I really do want to get out of the Android environment. I had planned to replace both my phone and tablet with Apple versions at bonus time this year. Then Tim Cook decided to announce a moral obligation to make sure what was in the Apple ecosphere matched his moral preferences. A huge dedication to privacy is useless if I am only able to hold what Apple lets me.

I gave up Chrome long ago. Opera is my phone browser. On my Windows boxes I use Vivaldi. Linux is a mix of chasing the new hotness and has been for years.

So, how do I square having kept YouTube Premium with getting rid of Alphabet products? This is where Billionsx2’s point is valid. Alphabet has become like water to the Internet. It is also impossible to avoid them completely. The reason for that ubiquity is they made the Internet much easier to use.

YouTube Premium is a huge example of that ease.

I made a conscious choice to keep YouTube Premium (and a never really used Google Music that came with). A large amount of what I wanted to watch was only available there. Even when things were available elsewhere, such as BitChute, the access was inferior. The BitChute phone client is unstable and will not work in the background. Even though I’ve had an account there over a year I did not really use it until last night. The ease of YouTube was worth the privacy concerns in my opinion.

So, What Happens Now

It is this ease that I am giving up with YouTube Premium that also breaks his analogy of YouTube being water. Will I still watch people like Five YouTubers You Should Watch? Yes, outside of Tim Pool who is on BitChute, and I will see ads on ones that are monetized and YouTube will still get the money. However, watching them and exploring will be much harder because of those ads. I will be less likely to watch just one more video. I will be less likely to explore new channels, binge watch, or add new subscriptions. If I start Swords & as a podcast later this year it will not go on YouTube, which I had been considering.

There is also one channel I will never watch again that had some regular views, Vox Pop, Vox’s music channel. This was brought to a head because a Vox employee decided to have a very public tantrum. I don’t really read Vox, so ignoring their music channel, arguably innocent victims, is my only recourse.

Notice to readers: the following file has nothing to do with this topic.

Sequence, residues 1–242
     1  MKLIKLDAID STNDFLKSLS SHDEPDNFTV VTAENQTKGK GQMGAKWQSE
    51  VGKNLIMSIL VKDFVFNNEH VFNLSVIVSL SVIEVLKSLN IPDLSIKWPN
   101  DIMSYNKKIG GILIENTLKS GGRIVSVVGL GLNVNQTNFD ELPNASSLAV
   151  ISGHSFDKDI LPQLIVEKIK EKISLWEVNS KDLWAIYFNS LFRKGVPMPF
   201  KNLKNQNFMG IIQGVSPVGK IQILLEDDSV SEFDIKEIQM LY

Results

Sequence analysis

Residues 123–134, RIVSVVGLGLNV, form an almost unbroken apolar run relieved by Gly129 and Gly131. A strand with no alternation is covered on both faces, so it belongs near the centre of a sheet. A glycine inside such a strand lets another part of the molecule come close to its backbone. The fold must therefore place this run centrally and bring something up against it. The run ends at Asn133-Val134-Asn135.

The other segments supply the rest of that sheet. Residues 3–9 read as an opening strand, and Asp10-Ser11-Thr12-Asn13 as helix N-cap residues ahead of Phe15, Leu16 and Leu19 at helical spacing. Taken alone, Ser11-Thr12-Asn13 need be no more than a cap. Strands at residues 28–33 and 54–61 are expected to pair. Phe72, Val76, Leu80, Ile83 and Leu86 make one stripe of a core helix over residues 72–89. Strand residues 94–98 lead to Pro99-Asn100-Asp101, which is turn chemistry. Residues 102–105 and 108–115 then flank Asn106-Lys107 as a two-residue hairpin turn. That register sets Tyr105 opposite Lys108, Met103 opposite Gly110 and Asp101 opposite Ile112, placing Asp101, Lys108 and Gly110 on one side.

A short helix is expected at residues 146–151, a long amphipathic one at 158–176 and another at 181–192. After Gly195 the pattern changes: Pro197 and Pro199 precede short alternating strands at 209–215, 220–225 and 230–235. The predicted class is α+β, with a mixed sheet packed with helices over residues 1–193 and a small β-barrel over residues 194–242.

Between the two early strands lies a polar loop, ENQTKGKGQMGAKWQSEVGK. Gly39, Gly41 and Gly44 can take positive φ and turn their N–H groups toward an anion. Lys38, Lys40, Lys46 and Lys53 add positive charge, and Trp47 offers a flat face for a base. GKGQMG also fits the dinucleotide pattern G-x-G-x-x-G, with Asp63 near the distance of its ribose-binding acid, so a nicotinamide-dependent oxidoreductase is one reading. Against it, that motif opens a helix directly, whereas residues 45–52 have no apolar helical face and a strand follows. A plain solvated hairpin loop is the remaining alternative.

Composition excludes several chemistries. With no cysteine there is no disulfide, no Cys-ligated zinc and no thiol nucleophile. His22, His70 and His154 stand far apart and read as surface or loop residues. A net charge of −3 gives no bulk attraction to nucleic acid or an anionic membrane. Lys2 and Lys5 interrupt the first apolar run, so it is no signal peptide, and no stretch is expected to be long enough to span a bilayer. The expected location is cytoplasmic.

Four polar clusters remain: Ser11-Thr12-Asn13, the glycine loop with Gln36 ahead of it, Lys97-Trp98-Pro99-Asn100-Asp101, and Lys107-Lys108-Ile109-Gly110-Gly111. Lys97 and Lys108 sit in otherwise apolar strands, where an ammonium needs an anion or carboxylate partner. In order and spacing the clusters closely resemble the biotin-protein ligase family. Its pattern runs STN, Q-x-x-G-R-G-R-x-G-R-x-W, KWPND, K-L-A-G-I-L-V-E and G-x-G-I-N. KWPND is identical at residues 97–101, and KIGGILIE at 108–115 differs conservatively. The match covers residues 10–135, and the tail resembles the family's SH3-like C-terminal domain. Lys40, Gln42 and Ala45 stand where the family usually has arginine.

My pattern of usage will change and YouTube, Alphabet’s last stronghold in a once ubiquitous presence in my Internet life, will fall behind Spotify and other services.

YouTube’s independent creators will suffer the most. I do not think YouTube cares. The only Tweet I have ever made that got more than 100 likes is:

I stand by that. YouTube has, over the past year, decided it wants to capitalize on people cutting the cord by becoming the new cable. What they fail to realize is I cut the cord in favor of YouTube in large part due to the independent creators they are routinely screwing over. They want to replace cable by becoming cable.

YouTube has forgotten the cardinal rule of “dance with who brung ya”. That is what not just this adpocalypse, but the prior two have really been about.

So, I’ll be drinking less Gatorade and trying new flavors less often. Perhaps BitChute will become Powerade and my water consumption will go down. Someone else could do that as well.

What I do know is YouTube and I are going to be seeing less of each other.

Addendum

Between writing the first draft of this post and now I answered @Billionsx2 about using alternatives to Alphabet’s products. It was a positive exchange.

Which tells me the biggest lesson on this post is the value of the “last word rule.” Was I annoyed that he, with no knowledge of me, assumed in saying I ended my Premium subscription was a no nothing virtue signaling on Twitter.

Yes, yes I was.

Was he reasonable in making that assumption.

Yes, yes he was.

But I needed the sleep to see that. I needed some separation to see that and say, based on his second tweet, that it was worth engaging and showing I have given all this some thought. Above I wrote he and I probably would not be friends, but you never knew. I thought about changing it, but decided to leave it. I will note, however, I now follow him on Twitter.

If you take anything from this post, I hope it is adopting some version of the “last word rule” into your Internet interactions.


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3 Comments

  1. BobtheRegisterredFool BobtheRegisterredFool

    One, I’m moving towards the position that trusting Google is like trusting the KGB’s New York branch, KGB, inc. “It’s a US company, so it is trustworthy, right?” Second, I am reminded of some of the things I said about you over at ATH. Third, I found out recently that during that I apparently came off as scarier than I think I am. If I am interpreting what you said correctly. 🙂 Fourth, letting go of the anger has pretty much proven to be a necessity for me on the internet.

    • I’d have to go back and check ATH, but it’s all good. I think learning that people on the net are sometimes closer/scarier/smarter/dumber/crazier/etc than they are in person will be the social skill of the 21st century.

  2. TRX TRX

    > YouTube and the case versus retail is Premium versus ads.

    My wife is a major Youtube viewer. I get her up with Firefox and one of the Youtube ad-blocker extensions, which does a fine job of blocking ads. Every now and then YT changes something and it breaks the blocker for a few days, but the blocker guys always manage to fix it. She doesn’t have a Google or YT account, so she’s theoretically an “anonymous viewer”. She says that every few months YT won’t let her see mayve every other thing she clicks on, saying it needs “age verification” and she has to create an account. but that after a week or so she can see whatever it was anyway.